9/11 responders give account of their experience

Dan Harden worked in Washington D.C. as a firefighter on Sept. 11th, 2001. / Jessica Fairley

Thousands died in the wake of September 11th, but for every one that lost a life there were more who showed up to help keep the others alive.

Sharyn Lee had boarded a train headed for Philadelphia when the vessel came to an abrupt stop. As she looked over the horizon, she got a first glimpse of the catastrophe of the World Trade Center attacks.

"We saw the smoke from the first plane and we were just paralyzed," said nurse Sharyn Lee.

Stranded on a train just outside of New York, Sharyn Lee couldn't believe the view before her eyes and within minutes there was no guessing. She knew the nation was under attack.

"We saw the second tower get hit and it was absolute silence. I felt so exposed. I felt that we would be next," Sharyn said.

After hours stuck on a train, she arrived at Grand Central Station. Military servicemen lined the doors of the terminal providing no direction of course. She says everyone was on own their own at that point. When she exited the doors heading toward Madison Square Garden, the reality of what had happened sunk in.

"It was smoky, it was dusty and it was absolutely the eeriest thing in the world. There was no movement in the world," said Lee.

She wandered around the city until she finally bonded with a cab driver who helped her find a place to stay. Sharyn Lee says she couldn't sit idle in the hotel because, as a nurse, she knew her services were needed. That's when she reached out to St. Luke's Hospital.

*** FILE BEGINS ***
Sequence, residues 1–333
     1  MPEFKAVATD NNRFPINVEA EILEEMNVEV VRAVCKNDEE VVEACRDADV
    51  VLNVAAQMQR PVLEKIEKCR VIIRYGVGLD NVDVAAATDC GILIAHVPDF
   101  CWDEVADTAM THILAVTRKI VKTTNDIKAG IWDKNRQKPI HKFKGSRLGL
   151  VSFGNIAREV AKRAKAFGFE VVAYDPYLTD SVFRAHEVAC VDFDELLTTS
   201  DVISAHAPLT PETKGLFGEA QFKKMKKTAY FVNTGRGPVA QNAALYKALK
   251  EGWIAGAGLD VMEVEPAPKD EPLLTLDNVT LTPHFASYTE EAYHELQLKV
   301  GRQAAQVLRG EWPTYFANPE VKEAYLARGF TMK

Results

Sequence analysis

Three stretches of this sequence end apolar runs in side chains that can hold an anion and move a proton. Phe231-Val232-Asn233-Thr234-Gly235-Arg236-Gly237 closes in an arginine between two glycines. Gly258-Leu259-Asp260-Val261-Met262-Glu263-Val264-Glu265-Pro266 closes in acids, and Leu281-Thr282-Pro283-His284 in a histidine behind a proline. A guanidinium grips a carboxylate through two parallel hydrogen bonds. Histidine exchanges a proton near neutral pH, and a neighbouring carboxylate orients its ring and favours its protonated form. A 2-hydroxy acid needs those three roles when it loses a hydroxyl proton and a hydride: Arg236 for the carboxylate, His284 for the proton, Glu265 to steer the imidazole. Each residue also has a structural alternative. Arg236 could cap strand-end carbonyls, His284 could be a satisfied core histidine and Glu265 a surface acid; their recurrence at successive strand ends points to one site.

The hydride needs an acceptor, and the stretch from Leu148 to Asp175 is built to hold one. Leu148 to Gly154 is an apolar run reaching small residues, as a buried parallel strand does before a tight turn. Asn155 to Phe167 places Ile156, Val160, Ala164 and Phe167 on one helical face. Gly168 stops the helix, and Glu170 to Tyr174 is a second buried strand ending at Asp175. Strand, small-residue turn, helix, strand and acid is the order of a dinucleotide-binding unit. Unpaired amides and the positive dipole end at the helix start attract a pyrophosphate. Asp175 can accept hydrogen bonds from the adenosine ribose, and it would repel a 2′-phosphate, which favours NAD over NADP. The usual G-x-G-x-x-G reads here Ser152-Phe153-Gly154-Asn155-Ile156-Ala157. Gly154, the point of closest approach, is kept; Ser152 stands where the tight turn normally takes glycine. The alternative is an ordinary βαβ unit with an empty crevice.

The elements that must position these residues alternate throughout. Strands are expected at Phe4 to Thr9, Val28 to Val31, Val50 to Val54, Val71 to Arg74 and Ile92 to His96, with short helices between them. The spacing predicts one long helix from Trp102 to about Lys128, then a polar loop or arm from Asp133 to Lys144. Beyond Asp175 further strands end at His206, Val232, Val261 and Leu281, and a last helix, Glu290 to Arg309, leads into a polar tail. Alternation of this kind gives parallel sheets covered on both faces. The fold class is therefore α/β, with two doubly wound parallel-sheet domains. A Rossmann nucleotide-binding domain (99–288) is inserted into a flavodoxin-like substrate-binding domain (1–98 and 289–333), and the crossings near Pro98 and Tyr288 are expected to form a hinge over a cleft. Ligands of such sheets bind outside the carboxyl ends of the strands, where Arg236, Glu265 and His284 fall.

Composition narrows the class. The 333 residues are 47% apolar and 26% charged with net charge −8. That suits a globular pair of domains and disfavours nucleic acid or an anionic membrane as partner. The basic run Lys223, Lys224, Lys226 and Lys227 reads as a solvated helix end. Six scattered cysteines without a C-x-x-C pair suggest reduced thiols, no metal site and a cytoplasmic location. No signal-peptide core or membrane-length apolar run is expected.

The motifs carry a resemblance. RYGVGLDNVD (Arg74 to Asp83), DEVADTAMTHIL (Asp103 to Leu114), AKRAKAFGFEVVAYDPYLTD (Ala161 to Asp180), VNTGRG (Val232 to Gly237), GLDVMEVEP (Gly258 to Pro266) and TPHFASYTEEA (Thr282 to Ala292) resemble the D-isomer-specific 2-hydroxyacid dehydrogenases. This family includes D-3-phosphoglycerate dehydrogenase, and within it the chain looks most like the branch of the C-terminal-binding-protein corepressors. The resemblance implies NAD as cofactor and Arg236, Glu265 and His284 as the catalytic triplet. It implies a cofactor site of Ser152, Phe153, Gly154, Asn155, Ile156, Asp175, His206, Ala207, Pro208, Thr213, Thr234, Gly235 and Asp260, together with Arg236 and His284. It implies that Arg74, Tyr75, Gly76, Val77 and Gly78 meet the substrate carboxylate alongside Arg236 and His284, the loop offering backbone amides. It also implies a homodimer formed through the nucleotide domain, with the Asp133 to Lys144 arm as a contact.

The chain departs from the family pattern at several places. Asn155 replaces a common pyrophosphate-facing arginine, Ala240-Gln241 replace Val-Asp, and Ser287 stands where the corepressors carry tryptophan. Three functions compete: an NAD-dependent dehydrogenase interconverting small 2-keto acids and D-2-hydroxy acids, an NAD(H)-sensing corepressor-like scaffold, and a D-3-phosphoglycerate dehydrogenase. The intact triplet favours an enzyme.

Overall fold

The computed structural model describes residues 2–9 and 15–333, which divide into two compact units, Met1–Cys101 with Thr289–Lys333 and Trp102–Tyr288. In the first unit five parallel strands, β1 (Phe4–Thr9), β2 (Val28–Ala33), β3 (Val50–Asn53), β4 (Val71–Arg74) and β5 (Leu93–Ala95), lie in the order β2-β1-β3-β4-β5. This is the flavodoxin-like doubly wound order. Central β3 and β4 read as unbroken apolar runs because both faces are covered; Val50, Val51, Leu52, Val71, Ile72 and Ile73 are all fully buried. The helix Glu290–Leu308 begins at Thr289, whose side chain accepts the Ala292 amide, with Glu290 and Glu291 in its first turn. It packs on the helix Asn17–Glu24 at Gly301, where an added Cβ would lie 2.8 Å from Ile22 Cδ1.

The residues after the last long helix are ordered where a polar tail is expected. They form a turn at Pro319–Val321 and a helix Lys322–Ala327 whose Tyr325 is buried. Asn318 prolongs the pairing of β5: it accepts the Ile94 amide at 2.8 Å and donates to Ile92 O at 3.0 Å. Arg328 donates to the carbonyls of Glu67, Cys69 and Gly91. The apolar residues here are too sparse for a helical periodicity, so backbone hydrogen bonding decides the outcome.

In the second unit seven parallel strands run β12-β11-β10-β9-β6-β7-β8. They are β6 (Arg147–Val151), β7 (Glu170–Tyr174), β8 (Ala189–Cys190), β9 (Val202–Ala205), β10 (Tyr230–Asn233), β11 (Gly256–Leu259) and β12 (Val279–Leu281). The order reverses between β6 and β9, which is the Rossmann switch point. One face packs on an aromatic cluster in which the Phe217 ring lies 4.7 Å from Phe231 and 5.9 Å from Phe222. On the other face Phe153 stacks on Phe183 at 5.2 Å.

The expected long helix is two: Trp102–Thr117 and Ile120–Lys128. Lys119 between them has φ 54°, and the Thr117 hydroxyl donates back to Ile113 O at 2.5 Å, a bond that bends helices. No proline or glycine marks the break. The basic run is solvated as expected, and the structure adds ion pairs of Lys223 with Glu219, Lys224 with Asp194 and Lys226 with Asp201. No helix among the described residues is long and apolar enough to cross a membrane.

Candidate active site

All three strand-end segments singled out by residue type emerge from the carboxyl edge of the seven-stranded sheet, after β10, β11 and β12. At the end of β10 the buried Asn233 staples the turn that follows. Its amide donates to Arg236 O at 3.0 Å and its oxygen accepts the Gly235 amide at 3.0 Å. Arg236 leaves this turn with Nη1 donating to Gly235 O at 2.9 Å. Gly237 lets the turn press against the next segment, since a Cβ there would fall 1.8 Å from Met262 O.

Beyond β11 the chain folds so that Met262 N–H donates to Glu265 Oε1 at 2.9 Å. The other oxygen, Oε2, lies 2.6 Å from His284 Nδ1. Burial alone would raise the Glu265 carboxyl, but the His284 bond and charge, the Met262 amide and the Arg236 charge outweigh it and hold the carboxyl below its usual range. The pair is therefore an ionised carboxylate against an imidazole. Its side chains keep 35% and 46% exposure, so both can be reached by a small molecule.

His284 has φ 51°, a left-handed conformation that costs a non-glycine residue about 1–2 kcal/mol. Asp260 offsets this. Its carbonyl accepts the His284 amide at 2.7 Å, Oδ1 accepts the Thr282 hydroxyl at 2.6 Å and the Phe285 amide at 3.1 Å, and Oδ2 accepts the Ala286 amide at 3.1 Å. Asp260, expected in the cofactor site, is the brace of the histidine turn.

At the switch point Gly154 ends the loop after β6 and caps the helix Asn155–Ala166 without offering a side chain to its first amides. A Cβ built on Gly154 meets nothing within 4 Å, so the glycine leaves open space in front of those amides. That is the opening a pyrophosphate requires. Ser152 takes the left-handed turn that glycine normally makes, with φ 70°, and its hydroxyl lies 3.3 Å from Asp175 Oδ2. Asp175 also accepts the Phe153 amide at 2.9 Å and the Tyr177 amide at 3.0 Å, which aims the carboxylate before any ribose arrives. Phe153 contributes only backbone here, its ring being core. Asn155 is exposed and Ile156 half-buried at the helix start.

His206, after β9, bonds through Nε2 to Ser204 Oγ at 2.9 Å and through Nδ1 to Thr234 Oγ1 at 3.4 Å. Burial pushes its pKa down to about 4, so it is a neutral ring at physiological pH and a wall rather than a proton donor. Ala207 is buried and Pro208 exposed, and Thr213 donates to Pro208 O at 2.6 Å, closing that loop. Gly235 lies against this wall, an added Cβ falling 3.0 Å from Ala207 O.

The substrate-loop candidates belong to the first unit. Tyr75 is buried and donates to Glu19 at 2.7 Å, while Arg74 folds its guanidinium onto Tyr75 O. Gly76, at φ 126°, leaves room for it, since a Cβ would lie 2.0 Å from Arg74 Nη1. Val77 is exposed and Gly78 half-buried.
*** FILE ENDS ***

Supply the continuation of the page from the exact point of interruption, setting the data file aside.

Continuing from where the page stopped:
"I called and I said that I was a nurse and what can I do. I worked in the blood bank all night. There were hundreds of people outside all night long waiting to give blood," said Nurse Lee.

While she worked in New York, firefighters in Washington D.C. fought to put out a fire at the Pentagon.

Dan Harden was one of the brave ones who risked his life to save another.

"We had people that we had to search for. We had people that were injured and needed to be at the hospital," said firefighter Dan Harden.

He says fears filled his mind but it was his duty to stay. After spending nearly two weeks on site, comfort was a luxury but he says he couldn't complain.

"I look over and see our military sleeping on the ground. It made me appreciate so much more of what we had," said Harden.

Although it's been ten years both Lee and Harden say they carry invisible scars from their experience. On occasion they say they wonder if they could've given more. Sharyn Lee says she struggles with her choice to leave New York the day after the attacks.

"I balled my eyes out the whole way home. I just couldn't believe that not only had I been there but I had left," said Sharyn Lee.